Canada’s medical system is one of the defining benefits of living in this country, but we have learned from the pandemic that our medicare is nowhere near as strong and resilient as we might wish.
Waiting lists have long been an indicator that the capacity of our clinics and hospitals was insufficient to meet our needs. Then the tidal wave of COVID-19 threatened the ongoing functionality of all our health services.
The need to protect our hospitals from overload, rather than the need to protect Canadians from illness, was used to justify lockdowns and other limitations that we’ve endured for almost two years.
We need a healthier health-care system but paying much more money into the existing structures isn’t an option. Health care is very expensive. Governments are already deeply in debt. Canadians take pride in not paying out of pocket for health care but are unwilling to hand over significantly more taxes for the service.
There is an alternative: Instead of providing and paying for ever more health care – which is really sickness care – why not try to prevent disease?
The pandemic has taught us that relatively few of those who are healthy to begin with are likely to be seriously affected by COVID. However, those with pre-existing conditions are fair game for the virus, and they become major consumers of medical resources.
Obesity increases the likelihood of not only COVID but also diabetes, heart attacks and other diseases. It’s endemic. Almost half the population of the United States is obese. In Canada, it’s closer to a quarter of the adult population.
We know what to do to prevent or reduce obesity. And prevention would significantly improve health in Canada and reduce the need for doctors and hospitals. We need to devote resources to encourage people to make the changes they would benefit from.
You might think we can’t get people to change their behaviour even when their health is at stake. But society has encouraged and established such behavioural changes in the past.
Watch the TV program Mad Men, set in the 1960s, or just about any movie set in the ’60s or earlier. The characters usually had a cigarette in their hand. Young and not-so-young people smoked to be glamourous and cool.
Smoking tobacco has gone from being a social status symbol to an indication the smoker is jeopardizing their health and is probably addicted. Smoking is banned in most public places and children warn their parents of its risks.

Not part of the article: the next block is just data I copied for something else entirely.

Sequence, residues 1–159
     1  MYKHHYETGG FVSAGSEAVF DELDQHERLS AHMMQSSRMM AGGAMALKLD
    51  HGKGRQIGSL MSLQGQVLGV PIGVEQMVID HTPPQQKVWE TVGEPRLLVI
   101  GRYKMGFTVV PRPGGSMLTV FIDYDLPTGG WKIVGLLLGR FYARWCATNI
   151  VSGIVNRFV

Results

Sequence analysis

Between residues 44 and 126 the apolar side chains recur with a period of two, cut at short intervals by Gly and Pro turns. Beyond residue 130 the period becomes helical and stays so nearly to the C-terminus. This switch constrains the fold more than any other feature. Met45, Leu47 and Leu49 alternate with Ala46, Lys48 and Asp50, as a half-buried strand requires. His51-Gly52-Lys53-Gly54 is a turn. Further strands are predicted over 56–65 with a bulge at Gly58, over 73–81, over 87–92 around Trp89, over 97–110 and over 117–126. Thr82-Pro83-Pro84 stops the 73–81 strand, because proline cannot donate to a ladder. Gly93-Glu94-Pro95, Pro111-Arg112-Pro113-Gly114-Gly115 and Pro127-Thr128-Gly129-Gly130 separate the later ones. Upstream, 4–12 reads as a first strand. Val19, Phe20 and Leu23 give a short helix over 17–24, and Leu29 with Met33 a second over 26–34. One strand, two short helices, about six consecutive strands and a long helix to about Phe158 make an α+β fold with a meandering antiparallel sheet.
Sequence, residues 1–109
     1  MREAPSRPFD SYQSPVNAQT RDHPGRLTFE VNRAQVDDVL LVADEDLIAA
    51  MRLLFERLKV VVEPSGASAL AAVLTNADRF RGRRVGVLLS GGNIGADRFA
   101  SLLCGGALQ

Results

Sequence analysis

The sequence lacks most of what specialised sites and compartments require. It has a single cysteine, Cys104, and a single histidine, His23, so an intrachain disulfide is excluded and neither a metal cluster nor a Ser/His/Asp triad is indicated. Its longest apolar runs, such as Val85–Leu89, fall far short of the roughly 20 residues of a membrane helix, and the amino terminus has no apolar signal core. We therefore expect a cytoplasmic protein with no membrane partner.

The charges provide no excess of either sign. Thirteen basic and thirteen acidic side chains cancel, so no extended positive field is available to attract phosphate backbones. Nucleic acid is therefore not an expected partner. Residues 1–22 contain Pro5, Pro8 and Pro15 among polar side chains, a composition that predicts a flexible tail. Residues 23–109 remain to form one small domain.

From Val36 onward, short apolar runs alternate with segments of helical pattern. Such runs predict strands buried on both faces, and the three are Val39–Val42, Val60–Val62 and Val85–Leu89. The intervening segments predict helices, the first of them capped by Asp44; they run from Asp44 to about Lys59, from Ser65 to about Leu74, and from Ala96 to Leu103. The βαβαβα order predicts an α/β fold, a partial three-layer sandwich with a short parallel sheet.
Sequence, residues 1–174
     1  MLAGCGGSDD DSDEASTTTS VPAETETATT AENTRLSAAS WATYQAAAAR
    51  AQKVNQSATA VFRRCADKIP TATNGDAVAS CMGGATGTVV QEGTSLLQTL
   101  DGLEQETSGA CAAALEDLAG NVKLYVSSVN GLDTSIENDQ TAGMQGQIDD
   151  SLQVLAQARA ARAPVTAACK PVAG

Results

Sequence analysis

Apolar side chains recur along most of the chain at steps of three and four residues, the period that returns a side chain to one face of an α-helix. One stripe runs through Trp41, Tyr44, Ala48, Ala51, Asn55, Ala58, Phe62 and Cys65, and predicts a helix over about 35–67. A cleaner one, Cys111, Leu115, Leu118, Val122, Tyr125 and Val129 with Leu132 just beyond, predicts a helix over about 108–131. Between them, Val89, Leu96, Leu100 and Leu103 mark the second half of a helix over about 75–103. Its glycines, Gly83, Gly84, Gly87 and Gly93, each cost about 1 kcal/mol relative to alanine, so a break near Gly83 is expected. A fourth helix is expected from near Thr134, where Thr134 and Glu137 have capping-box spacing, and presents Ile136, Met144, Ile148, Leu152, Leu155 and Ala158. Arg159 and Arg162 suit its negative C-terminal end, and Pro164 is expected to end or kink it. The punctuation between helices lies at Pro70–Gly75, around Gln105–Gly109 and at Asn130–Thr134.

Using seatbelts in cars is automatic and taken for granted. Thousands have avoided hospitalization and even death by wearing a seatbelt.
But some readers will recall when cars didn’t have seatbelts and how their use was resisted when first required. Drivers took seatbelt laws as an insult to their driving ability and an infringement on their freedom. No one was planning an accident. Why do we need seatbelts?
We now know the answer to that question.
A third societal behavioural change that has dramatically improved our health and safety is no longer accepting drunk driving. This wasn’t always the case. How else would you get home from a party if you didn’t drive? And was it really a party if you didn’t drink?
Now we consume less alcohol (another positive change for health), designated drivers and other alternatives are the norm, and we do things like take car keys from those who are too impaired to recognize what’s not socially acceptable.
More seatbelt use, less tobacco use and clamping down on impaired driving are positive societal changes that have improved our lives and eased the pressure on our medical resources. The public efforts that led to these changes can be copied to make the kind of changes needed to prevent other diseases and accidents.
With strong societal support, people who have learned to wear seatbelts, stop smoking, and not drink or drive drunk can be encouraged to eat a few more vegetables and be a bit more active.
The overall health of Canadians will improve, and we won’t have to worry so much about overwhelming our health-care system.
Troy Media columnist Roslyn Kunin is a consulting economist and speaker.